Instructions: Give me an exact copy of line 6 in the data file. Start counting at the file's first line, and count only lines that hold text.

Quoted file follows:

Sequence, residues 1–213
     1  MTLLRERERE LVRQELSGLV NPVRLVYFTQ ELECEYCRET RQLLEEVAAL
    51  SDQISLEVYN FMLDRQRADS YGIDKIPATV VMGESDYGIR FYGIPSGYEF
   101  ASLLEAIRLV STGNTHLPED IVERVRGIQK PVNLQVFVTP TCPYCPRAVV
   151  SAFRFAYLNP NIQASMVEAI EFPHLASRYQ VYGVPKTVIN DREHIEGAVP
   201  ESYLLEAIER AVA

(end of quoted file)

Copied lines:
   201  ESYLLEAIER AVA